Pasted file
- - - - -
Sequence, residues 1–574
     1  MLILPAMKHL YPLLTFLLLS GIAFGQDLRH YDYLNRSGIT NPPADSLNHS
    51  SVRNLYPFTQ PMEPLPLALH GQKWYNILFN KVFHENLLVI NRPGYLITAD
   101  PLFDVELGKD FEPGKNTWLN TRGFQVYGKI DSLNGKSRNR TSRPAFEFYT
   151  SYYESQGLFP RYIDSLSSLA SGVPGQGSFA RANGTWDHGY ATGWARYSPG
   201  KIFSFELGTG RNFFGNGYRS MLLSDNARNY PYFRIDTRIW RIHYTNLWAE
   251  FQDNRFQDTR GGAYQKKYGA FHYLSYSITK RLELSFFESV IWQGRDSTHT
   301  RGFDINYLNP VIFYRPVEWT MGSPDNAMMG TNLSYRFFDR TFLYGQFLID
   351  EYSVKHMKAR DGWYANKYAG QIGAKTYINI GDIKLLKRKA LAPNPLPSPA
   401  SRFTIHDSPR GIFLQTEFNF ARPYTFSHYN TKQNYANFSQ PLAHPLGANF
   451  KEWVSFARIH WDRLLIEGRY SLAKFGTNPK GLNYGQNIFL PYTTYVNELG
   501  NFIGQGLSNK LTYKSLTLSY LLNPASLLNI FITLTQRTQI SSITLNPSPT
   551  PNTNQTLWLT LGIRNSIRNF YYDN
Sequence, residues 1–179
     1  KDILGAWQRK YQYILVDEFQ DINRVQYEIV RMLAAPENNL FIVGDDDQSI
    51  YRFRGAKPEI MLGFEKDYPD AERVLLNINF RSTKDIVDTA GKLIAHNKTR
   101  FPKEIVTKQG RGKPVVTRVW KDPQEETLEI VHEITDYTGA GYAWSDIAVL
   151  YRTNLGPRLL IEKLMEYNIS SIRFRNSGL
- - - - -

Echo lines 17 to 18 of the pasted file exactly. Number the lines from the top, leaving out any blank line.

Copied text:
   101  FPKEIVTKQG RGKPVVTRVW KDPQEETLEI VHEITDYTGA GYAWSDIAVL
   151  YRTNLGPRLL IEKLMEYNIS SIRFRNSGL